Housewares retailer Bed Bath & Beyond (NASDAQ:BBBY) has seen its shares drop by nearly 65 percent this year.
While the overall market has fallen and retailers have been hit particularly hard, Bed Bath & Beyond is experiencing a uniquely negative set of circumstances that have sent its share prices plummeting. Will Bed Bath & Beyond Stock Recover?
Why Has Bed Bath & Beyond Dropped?
Bed Bath & Beyond has been through a bizarre roller coaster ride in 2022. In August, shares of the company surged on news that activist investor Ryan Cohen had purchased options on the stock in March.
In short order, however, Cohen sold 5 million shares at an average price of $21.17. Following Cohen’s sale, investors accused the company, CFO Gustavo Arnal and Cohen of participating in a pump-and-dump scheme. Arnal sold over 42,000 shares on the same day as Cohen.
Shortly after the price surge and insider sales, Bed Bath & Beyond stock sank further on news that the company’s suppliers were not receiving timely payments for goods that had been shipped. As a result, some suppliers halted shipments to Bed Bath & Beyond.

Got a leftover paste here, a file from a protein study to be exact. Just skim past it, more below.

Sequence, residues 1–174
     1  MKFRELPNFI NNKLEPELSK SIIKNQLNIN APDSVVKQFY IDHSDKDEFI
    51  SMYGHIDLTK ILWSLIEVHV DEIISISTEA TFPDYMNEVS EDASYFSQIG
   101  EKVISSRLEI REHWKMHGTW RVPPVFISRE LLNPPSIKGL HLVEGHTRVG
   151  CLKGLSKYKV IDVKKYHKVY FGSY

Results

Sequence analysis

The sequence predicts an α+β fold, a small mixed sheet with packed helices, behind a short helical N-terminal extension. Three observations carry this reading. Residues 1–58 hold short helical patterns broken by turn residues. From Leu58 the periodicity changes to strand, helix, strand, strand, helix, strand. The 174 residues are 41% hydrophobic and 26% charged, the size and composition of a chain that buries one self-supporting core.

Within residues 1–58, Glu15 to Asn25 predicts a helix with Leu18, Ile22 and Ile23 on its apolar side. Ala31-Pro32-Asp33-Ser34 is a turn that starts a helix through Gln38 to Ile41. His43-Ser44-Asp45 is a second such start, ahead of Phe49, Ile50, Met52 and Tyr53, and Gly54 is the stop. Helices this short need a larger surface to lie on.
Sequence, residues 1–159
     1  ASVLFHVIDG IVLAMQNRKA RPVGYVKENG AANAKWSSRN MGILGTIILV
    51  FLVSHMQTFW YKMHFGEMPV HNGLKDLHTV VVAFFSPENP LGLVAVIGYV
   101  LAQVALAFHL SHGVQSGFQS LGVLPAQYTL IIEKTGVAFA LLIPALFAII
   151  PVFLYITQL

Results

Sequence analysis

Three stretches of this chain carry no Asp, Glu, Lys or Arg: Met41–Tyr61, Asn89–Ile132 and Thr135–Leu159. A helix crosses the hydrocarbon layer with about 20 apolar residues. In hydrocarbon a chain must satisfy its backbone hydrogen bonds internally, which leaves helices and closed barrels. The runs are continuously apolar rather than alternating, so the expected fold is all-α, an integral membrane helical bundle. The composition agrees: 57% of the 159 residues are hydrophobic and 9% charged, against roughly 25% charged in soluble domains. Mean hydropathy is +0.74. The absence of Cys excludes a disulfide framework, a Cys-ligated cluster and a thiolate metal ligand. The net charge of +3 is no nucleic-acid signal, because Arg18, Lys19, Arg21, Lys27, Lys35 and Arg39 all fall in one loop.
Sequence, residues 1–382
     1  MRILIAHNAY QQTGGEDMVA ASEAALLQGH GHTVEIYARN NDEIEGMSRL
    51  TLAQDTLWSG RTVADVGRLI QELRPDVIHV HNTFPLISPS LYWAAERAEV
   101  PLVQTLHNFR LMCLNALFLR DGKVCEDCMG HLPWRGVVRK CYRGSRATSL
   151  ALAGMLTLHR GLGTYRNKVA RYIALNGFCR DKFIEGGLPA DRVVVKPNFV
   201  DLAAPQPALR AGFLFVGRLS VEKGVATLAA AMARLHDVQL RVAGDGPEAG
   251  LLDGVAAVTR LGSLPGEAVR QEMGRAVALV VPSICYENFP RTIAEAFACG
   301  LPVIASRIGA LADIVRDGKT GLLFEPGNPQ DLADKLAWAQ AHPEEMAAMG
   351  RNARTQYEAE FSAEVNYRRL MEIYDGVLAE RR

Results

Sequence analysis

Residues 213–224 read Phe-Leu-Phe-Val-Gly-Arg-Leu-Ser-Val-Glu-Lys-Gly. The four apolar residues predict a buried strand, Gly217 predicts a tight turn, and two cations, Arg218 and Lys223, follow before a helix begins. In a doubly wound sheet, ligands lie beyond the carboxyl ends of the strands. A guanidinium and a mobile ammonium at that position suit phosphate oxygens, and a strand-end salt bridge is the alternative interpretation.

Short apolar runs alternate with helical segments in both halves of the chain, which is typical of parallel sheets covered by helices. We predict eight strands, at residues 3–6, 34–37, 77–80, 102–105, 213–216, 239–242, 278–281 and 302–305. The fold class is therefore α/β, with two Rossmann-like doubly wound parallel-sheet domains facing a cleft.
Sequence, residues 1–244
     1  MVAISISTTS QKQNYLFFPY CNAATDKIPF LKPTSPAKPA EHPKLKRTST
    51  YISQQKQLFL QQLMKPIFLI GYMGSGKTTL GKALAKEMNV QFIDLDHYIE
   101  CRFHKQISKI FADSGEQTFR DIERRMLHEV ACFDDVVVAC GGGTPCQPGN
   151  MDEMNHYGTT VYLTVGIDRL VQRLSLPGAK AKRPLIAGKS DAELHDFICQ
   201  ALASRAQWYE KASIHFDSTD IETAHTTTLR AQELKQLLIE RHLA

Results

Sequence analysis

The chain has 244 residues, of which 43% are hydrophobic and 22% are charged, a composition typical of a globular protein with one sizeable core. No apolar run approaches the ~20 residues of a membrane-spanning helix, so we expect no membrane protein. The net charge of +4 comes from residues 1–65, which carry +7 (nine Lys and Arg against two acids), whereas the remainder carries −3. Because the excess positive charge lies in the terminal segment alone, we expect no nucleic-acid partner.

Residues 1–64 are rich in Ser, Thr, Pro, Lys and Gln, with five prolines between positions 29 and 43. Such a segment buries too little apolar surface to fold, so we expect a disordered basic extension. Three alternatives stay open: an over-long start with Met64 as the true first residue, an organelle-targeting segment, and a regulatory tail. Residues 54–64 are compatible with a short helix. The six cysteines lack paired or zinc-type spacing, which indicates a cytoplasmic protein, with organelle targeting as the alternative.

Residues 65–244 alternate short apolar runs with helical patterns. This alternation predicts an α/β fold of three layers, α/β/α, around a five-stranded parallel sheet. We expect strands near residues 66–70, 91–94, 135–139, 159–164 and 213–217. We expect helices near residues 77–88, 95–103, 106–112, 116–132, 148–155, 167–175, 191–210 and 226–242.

These circumstances, paired with heavy losses and falling sales, essentially led to a perfect storm of both business and legal difficulties for the housewares chain.
The Numbers Don’t Look Good
In Q2, Bed Bath & Beyond reported $1.44 billion in overall revenue. This number missed analysts’ expectations of $1.47 billion. More importantly, the Q2 sales were down 28 percent from the previous year. Same-store sales declined 26 percent, demonstrating a considerable slowdown in sales performance.
The company’s losses, however, were far worse than revenues. Analysts expected Bed Bath & Beyond to lose $1.85 per share. Instead, the company reported an adjusted loss of $3.22 per share. In 2021, Q2 earnings were slightly positive at $0.04 per share.
Margins have also been a persistent challenge for Bed Bath & Beyond. The company’s net margin currently stands at -16.98 percent. Even before the pandemic set in, margins had slipped into negative territory. The last time Bed Bath & Beyond posted a positive net margin in excess of 10 percent was in 2012.
To its credit, Bed Bath & Beyond has developed a plan to manage costs and reduce its footprint. Under this plan, some 20 percent of the company’s corporate and logistics staff will be eliminated.
150 stores will also be closed, allowing Bed Bath & Beyond to focus on its best-performing locations. Overall, the plan is expected to save $250 million this fiscal year.
Will BBBY Crash 90%?
Even after losing more than half of its value YTD, analysts don’t believe that Bed Bath & Beyond has finished its slide. The target price for BBBY from 11 analyst forecasts is $3, down 41.9 percent from the current price of $5.17.
Tellingly, not a single analyst currently rates Bed Bath & Beyond as a buy. The highest current rating on the stock is a hold, while the consensus rating is a sell.